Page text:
We got settled in, then headed downstairs to get something to eat. Shendish doesn’t have a lunch or dinner restaurant (though they apparently do take orders at breakfast and though they do serve catered food later in the day). So we started to walk back down towards town to grab a bite to eat. (The driveway is probably about 1/2 mile long.) About a third of the way down we ran across Roz and Alan (the soon to be newlyweds) driving up. They picked us up, took us back up to Shendish, rattled on about James (the best man) for a bit, and then drove us back down the hill. ;-) They eventually took us to Roz’s mom’s house and from there we walked over to an Indian restaurant where we met up with 16 or so other friends of Roz and Alan’s. (None of whom we’d ever met before since we knew Roz from San Francisco and they all knew her from England (or maybe Germany).)
To be perfectly honest, we found the food to be rather bland. I’ve definitely had better saag paneer, the service was rather slow (although having 20 odd folks arrive all at once could have something to do with that, I’m sure) and my prawn curry was just OK. (They used little shrimps, the kind I’m used to only seeing in salads.) The rice pilaf had colored rices in it. And nothing else, just rice. (We’re used to our pilaf being entirely rice colored except for the bits of peas and other odds and ends that are thrown in.) All in all, I’d probably recommend the restaurant for the ambiance, but not the food. (And, as in all other cafes and dining areas, the room was filled with smoke.Apparently Britain (and the UK?) will be banning smoking in public places in July, so it looks like we just came a bit early in that regard.)
We ended up sitting with two friends of Roz and Alan’s, Sarah and Martin. The rest of the crew was at one long table, but they hadn’t made enough room for all of us so we were seated on the other side of the room. We had a lovely discussion with them. Once we were done eating we headed out with the rest of the crew on a theoretical pub crawl. I say theoretical because every time we came across a pub, we’d stand around out front and talk about going in, but then someone would mention a pub further up and we’d end up walking toward that one instead. I think they eventually did end up at a pub, but by that time we were by the Manor so Rob and I just pealed off from there.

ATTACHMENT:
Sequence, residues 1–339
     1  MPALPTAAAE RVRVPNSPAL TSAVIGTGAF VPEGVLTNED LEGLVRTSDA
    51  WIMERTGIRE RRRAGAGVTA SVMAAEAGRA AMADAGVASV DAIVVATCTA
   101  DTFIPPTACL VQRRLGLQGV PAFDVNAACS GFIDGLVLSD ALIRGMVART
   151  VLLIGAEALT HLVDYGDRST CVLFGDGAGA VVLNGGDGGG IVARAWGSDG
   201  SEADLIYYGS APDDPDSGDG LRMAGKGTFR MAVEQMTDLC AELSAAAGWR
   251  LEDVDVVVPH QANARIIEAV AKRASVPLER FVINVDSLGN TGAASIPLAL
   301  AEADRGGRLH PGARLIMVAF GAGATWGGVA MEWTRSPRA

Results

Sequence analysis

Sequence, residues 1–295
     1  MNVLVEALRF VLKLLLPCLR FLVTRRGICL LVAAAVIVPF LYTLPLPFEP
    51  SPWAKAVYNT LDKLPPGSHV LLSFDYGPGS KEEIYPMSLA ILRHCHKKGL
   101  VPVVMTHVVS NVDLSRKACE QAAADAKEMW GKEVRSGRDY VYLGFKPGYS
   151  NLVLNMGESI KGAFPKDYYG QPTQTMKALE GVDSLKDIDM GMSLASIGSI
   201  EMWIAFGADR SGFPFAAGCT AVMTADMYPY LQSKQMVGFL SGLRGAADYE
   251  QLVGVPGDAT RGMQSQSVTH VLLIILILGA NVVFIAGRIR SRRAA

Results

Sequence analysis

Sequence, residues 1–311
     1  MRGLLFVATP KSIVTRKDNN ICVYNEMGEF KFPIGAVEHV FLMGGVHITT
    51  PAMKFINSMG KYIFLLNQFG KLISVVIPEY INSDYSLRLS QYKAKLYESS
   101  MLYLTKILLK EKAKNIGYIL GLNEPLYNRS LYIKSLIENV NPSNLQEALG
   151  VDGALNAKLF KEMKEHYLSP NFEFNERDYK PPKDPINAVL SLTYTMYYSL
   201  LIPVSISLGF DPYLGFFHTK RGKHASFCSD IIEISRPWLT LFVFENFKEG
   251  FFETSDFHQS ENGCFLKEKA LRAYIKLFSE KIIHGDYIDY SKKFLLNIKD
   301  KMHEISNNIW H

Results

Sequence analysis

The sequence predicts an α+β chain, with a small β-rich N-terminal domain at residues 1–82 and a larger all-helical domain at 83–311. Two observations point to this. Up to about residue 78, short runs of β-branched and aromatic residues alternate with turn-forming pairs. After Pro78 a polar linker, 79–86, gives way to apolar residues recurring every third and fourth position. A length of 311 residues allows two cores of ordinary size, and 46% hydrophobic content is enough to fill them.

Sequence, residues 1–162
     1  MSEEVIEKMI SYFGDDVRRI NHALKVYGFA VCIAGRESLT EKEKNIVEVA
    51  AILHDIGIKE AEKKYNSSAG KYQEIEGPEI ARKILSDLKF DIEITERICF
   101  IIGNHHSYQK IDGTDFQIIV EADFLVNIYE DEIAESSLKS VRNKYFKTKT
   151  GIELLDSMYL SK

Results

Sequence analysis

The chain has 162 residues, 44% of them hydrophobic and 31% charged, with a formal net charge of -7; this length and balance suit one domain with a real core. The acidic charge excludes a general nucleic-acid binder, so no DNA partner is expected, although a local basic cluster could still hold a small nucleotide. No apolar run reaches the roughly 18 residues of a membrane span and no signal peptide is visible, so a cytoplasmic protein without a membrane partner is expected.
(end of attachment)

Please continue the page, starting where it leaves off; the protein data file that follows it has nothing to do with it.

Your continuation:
We met a few more of Roz and Alan’s friends along the walk and I quickly came to realize that the reception today may be much more of a camcorder event than a camera event. As Sarah said at one point during the walk, “I’m sure you’re beginning to see the Thesbian theme here.” There were several flamboyant personalities and putting them all together was like gathering several comedians on stage and having a laugh-off contest.
Before turning in we thought we’d test out the Bush iD flat screen television in our room. We received a note that if it were too windy out, the digital tv might not work, in which case we were told to switch it over to regular tv. Well, despite the fact that I didn’t see much wind outside, our digital definitely didn’t work, so we tried to watch the beginning of Stigmata but the picture was so fuzzy that I could barely make out the subtitles. And the rest of the channel options were no better. There were two stations with comedians. One made horrible jokes and the other was the guy from the Office and then the clip of him talking ended and it turned out to be a critical review (with 5 or 6 speakers) of his comedy routine. (I am not making this up.)
Rob and I decided we had better things to do than watch horrible tv.